Illinois will not appeal high court ruling on pension reform

Constitution does not allow for claw-back, court says

CHICAGO (Reuters) — The Illinois Supreme Court's May ruling finding the state's 2013 pension reform law unconstitutional will not be appealed to the U.S. Supreme Court, a spokeswoman for the state attorney general said on Wednesday.

"In the pension case, we asked the U.S. Supreme Court for a routine extension of time to allow us to consider whether to seek review of the case by that court," said spokeswoman Eileen Boyce. "After completing our analysis, we have decided not to ask the court to review the case."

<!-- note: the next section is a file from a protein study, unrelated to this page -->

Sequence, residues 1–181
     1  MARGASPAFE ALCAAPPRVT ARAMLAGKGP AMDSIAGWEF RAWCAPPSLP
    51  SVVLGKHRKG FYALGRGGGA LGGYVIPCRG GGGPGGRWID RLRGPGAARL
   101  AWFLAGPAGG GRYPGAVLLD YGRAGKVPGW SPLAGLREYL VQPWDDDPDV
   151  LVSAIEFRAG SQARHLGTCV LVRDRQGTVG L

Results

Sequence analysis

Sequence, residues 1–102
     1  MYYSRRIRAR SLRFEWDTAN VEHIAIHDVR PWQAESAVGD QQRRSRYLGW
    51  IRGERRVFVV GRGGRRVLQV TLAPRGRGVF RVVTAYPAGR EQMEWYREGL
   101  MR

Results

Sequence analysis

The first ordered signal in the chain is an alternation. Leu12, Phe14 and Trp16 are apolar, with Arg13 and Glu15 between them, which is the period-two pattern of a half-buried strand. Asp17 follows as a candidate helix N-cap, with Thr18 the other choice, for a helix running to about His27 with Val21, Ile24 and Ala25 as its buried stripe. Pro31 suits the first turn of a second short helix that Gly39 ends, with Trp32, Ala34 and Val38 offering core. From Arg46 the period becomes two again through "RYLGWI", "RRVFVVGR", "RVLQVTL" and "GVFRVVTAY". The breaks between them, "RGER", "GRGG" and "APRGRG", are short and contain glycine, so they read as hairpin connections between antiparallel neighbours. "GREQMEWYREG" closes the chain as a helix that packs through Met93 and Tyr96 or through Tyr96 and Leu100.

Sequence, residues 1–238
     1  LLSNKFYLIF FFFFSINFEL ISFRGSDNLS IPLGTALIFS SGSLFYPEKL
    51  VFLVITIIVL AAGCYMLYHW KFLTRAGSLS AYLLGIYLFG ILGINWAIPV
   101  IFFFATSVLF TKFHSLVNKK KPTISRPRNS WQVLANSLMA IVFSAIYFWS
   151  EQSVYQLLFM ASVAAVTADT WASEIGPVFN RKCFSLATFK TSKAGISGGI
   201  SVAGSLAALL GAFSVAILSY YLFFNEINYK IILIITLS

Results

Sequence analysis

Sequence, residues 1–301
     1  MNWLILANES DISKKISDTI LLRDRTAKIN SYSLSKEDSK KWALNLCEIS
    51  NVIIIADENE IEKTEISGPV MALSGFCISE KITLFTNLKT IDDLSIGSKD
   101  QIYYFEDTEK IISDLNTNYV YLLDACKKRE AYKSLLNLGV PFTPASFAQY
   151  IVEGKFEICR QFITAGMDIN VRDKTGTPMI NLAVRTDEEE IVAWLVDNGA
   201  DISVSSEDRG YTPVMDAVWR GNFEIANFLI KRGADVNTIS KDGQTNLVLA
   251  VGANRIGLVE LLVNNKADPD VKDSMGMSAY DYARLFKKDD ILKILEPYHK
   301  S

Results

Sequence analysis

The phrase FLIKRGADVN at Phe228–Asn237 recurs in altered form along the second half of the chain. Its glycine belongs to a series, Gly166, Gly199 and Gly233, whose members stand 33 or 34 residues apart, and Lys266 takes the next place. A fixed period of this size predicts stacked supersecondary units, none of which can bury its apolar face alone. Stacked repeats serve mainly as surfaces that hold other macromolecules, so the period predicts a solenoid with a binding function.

In July, Illinois Attorney General Lisa Madigan was granted an extension until Sept. 10 to appeal the ruling, which rejected the state's argument that it needed to invoke police powers and cut pension benefits to deal with a fiscal emergency.

The unanimous ruling by the Illinois justices was based on a provision in the state constitution that prohibits the impairment or diminishment of public worker retirement benefits.

That provision was also used by a Cook County Circuit Court judge in July to void a 2014 pension law aimed at shoring up the shaky finances of two Chicago retirement systems. The state supreme court is expected to hear Chicago's appeal in November.

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